We started this process by attempting to visualize how such an animal would move. We decided that four "frames" would be required to describe the motion of the pushme-pullyou. In the first frame, the animal stands with its front and hind legs together, and with both heads level. In the second frame, it has its front and hind legs apart, and one head is higher than the other. The third frame is identical to the first. In the fourth and final frame, the animal's legs are apart and its other head is raised. Having identified these frames, we drew the figures on graph paper. Then the individual characters were extracted and read into the computer (as were the custom characters we discussed last month). Next, the complete sequence was stored in a string variable, PMPY$. This sequence is shown in lines 1380 and 1400 of Listing 1.

Odd Man Out allows for more than one correct choice of direction on the joystick.

These lines appear to be quite obscure, so let's look at them more closely. Remember it takes six characters to define the pushme-pullyou. The first three characters define the upper half of the animal. The down arrow and the three left arrows position the cursor so that the bottom half of the pushme pullyou is drawn beneath the upper half. This completes the first frame of the sequence. The rest of PMPY$ contains the remaining three frames of the animated sequence.

To prevent the danger of having bits and pieces of the pushme-pullyou strewn randomly about the screen, a mechanism is needed that erases those portions of the screen that are no longer occupied by the animal. This is accomplished by means of the variable ERASE$. Thus we print ERASE$, the frame, and then ERASE$ again. This allows the animal to move to either the left or the right without leaving a trail of abandoned parts behind.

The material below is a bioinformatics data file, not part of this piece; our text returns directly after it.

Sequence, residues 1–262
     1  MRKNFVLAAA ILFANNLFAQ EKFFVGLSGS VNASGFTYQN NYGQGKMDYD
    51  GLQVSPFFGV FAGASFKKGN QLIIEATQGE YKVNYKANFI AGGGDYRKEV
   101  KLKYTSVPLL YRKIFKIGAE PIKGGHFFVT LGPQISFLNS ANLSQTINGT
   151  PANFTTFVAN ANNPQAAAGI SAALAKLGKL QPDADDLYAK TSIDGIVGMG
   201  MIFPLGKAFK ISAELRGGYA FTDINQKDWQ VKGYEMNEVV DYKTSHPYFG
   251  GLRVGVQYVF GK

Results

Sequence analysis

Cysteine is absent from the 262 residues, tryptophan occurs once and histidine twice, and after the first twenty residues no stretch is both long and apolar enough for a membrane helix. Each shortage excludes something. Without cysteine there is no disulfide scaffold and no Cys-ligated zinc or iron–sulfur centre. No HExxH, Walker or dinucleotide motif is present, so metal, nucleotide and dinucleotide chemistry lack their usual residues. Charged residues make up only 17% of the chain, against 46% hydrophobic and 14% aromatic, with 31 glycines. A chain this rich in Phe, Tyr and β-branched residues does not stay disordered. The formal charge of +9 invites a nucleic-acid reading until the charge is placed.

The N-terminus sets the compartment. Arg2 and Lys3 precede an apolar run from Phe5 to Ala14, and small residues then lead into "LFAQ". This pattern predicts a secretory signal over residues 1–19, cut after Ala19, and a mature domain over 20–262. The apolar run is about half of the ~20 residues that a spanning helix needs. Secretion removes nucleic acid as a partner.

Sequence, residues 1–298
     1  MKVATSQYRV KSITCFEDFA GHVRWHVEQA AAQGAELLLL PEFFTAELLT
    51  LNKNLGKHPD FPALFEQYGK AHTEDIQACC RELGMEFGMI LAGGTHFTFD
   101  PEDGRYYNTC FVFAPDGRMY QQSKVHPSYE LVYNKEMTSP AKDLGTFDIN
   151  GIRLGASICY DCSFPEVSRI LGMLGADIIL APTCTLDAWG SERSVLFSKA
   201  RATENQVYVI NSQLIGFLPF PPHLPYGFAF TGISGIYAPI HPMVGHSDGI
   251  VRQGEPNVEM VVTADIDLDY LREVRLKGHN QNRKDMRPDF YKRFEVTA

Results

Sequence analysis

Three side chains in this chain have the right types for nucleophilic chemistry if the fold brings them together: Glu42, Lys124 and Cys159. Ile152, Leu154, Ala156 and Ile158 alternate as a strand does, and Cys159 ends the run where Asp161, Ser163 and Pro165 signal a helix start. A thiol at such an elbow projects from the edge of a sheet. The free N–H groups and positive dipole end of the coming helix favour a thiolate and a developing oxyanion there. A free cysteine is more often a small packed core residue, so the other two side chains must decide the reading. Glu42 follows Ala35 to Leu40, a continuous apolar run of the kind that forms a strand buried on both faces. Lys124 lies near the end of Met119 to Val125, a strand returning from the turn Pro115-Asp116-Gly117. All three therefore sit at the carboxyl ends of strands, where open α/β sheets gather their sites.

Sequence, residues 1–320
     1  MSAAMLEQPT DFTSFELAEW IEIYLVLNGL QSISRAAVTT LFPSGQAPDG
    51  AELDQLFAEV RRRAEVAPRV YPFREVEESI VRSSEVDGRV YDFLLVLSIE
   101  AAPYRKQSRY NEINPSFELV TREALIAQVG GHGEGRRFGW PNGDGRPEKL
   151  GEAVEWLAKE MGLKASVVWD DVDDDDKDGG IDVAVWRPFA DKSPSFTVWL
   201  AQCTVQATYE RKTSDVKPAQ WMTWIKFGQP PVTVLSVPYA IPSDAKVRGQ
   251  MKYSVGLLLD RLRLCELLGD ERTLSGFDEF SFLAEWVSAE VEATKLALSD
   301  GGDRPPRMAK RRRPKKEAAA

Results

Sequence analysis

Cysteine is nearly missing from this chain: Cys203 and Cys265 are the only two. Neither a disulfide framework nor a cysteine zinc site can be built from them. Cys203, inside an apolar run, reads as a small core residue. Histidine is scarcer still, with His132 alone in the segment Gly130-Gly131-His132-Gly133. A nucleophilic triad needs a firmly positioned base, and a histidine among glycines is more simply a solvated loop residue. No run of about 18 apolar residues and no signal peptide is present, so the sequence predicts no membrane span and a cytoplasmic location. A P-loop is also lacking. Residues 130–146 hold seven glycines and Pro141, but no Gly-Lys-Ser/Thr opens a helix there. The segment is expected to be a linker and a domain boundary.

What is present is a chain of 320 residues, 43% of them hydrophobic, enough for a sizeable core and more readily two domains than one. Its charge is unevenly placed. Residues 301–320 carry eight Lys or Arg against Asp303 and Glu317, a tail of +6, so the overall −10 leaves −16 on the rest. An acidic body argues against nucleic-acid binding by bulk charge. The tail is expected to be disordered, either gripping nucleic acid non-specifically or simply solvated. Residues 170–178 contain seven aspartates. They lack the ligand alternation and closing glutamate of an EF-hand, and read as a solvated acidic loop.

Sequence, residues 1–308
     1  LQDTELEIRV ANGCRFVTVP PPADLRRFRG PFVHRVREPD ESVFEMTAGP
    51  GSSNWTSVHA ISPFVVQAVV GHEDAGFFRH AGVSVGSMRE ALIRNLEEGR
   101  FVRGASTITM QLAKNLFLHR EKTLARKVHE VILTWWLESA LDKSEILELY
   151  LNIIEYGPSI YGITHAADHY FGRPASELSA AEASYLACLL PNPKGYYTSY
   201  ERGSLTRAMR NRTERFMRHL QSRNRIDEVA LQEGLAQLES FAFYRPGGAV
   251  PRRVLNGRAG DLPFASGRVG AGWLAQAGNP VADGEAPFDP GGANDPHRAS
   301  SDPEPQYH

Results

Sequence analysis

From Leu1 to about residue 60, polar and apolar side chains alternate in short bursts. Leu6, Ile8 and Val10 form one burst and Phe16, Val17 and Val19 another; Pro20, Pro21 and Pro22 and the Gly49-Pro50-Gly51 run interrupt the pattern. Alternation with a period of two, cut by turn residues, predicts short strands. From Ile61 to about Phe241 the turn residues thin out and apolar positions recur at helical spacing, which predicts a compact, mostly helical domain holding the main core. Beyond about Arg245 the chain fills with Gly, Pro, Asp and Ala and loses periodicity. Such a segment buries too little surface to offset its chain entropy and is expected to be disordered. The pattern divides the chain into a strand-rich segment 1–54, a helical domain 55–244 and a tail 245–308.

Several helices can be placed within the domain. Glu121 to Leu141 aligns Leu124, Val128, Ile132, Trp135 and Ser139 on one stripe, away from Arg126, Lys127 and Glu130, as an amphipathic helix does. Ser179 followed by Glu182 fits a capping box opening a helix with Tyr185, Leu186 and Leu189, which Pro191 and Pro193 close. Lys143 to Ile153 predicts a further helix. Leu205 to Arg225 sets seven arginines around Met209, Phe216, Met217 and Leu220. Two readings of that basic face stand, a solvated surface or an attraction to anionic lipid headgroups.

Nothing makes a game more boring than being able to foresee what sequence of problems or obstacles will be played. We have attempted to avoid this pitfall in Odd Man Out by using random-number feature of Atari BASIC. We use this random feature in three ways. First, we randomly select the object that will be displayed three times in a particular problem. Second, we randomly choose the object that will be displayed once (the odd man out). Third, we randomly select the position that will contain the the odd object. These steps ensure that there is no bias in our program regarding either the objects to be displayed or the location of the odd object in each set of objects.


This month's program segment consists of the following maior sections:

(1) Lines 140-560: declare variables and read in characters for the pushme-pullyou
(2) Lines 880-1300: select difficulty level
(3)Lines 1320-1420: define frame sequence for character animation
(4) Lines 1500-1860: create level 1, 2, and 3 displays
(5) Lines 1880-2200: create level 4 and 5 displays
(6) Lines 2220-2480:create level 6 and 7 displays
(7) Lines 2500-2860: joystick input routines and pushme-pullyou move
(8)Lines 4180-4420: data that defines the pushme-pullyou

The first section requires little explanation. The variable FRAMES is the number of animation frames used (in this case four). FRAMSZE holds the length of a particular frame. In our case, ten characters are required per frame (six for the pushme-pullyou, along with four cursor-positioning characterp used to properly align the object).

The next section of the code is also fairly straightforward. Lines 880-1080 present the menu in Graphics Mode 1 and set CHOICE to one. We then reset the Attract Mode Flag (POKE AF,0). This keeps the computer from automatically beginning the attract mode, since the keyboard is not used. Next, the joystick position is read. POS is then used to determine if the UP or DOWN motion on the menu is desired. POS is set to two if DOWN is desired or three if UP is indicated. The remainder of this section adjusts CHOICE to the appropriate value, changes the background color, moves the pointer, and checks to see if the fire button has been pressed.